Becoming a Midwife

I want to be a midwife

Being a midwife is a very rewarding career. Every day across Aotearoa New Zealand midwives work with wahine and their whānau as they journey through pregnancy, labour and birth and then transition to parenthood.

Midwives can work in the community providing continuity of care to women or they can be based in hospital looking after women or babies during their admission. Midwives are skilled and competent practitioners who have completed a specialist degree. Registration and a practising certificate enables midwives to provide care to women. However the act under which midwives practice requires them to maintain their knowledge and skills. Midwives are found not only in clinical practice but also in education working at one of the universities or polytechnics, undertaking research, working on policy that impacts on care provided to women or in the regulation of practitioners – ensuring the safety of women and their babies.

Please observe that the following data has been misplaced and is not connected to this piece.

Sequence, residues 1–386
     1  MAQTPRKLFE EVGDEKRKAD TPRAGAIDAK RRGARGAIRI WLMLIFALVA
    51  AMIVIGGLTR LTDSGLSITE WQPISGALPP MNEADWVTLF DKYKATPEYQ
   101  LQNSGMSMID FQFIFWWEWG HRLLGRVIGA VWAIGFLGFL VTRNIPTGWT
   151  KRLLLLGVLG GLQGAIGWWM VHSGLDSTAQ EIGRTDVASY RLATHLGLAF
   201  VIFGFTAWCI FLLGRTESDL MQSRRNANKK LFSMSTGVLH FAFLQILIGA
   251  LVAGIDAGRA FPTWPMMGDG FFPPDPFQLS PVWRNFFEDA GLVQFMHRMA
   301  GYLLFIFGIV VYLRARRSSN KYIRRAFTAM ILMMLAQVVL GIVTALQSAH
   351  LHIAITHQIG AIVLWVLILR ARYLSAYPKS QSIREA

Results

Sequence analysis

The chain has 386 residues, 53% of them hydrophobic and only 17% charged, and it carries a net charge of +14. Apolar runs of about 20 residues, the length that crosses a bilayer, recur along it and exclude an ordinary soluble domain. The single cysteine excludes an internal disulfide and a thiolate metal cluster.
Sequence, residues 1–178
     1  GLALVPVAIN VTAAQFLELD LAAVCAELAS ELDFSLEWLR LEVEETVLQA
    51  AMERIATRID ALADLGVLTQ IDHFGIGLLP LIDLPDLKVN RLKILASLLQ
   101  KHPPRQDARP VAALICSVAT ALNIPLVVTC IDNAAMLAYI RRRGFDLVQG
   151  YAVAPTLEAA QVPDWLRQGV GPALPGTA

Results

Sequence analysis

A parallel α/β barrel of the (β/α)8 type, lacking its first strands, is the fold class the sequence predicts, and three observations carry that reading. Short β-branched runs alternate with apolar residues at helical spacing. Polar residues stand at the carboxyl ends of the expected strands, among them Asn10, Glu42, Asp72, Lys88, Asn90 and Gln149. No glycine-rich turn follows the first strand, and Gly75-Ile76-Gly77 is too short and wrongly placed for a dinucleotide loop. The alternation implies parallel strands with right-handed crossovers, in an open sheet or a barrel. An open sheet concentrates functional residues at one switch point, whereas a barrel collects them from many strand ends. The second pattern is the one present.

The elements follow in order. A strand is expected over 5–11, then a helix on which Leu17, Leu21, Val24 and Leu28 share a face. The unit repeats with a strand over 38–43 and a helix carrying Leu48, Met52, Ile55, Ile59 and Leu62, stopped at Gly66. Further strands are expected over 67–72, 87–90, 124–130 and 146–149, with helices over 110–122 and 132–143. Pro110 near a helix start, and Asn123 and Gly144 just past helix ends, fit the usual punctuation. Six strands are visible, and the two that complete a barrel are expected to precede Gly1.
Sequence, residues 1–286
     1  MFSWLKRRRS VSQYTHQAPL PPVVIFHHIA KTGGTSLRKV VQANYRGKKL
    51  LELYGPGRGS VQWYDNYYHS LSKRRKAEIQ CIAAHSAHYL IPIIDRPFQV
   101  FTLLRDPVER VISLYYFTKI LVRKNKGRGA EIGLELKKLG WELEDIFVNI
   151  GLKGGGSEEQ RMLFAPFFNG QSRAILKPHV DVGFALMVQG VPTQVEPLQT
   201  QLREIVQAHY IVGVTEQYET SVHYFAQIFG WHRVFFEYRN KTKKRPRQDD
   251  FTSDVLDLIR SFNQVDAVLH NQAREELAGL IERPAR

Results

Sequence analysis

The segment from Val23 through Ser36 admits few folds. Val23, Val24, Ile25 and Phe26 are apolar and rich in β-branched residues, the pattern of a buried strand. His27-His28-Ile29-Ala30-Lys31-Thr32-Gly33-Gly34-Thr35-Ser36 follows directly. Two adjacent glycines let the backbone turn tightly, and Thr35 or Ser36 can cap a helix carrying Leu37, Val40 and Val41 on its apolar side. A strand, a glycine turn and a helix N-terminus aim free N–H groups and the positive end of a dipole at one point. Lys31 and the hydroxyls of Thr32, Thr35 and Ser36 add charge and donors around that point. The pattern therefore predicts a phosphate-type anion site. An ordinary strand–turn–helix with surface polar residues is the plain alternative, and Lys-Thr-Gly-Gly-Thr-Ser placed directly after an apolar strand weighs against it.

What does it take to qualify as a midwife?

In Aotearoa to be midwife you must complete our education programme, meeting all of its clinical and theoretical requirement and then meet the requirements for registration. The required education programme is a four-year Bachelor’s degree provided through two universities, AUT and Victoria, and three polytechnics Ara, Otago Polytechnic and Wintec.

Before they can be registered, all New Zealand graduates must:

  • pass the National Midwifery Examination set by Te Tatau o te Whare Kahu | Midwifery Council (the Council); and
  • satisfy the Council that they are fit for registration and must:
  • be of good character
  • declare any mental or physical condition that will prevent them from practising effectively as a midwife
  • be able to communicate effectively
  • be proficient in written and spoken English

If you are at school the Council strongly encourages you to review our requirements for entry to the programme. Midwifery requires individuals to have sound science knowledge and anyone considering a career should study chemistry and biology.

If you are not a school leaver but want to be a midwife then, depending on your circumstances, you may need to complete study before you are able to enter a programme of education. The Council encourages you to contact the local school of midwifery to talk to them about applications.

Health Professional Regulation - click the video below to learn about the role of health regulators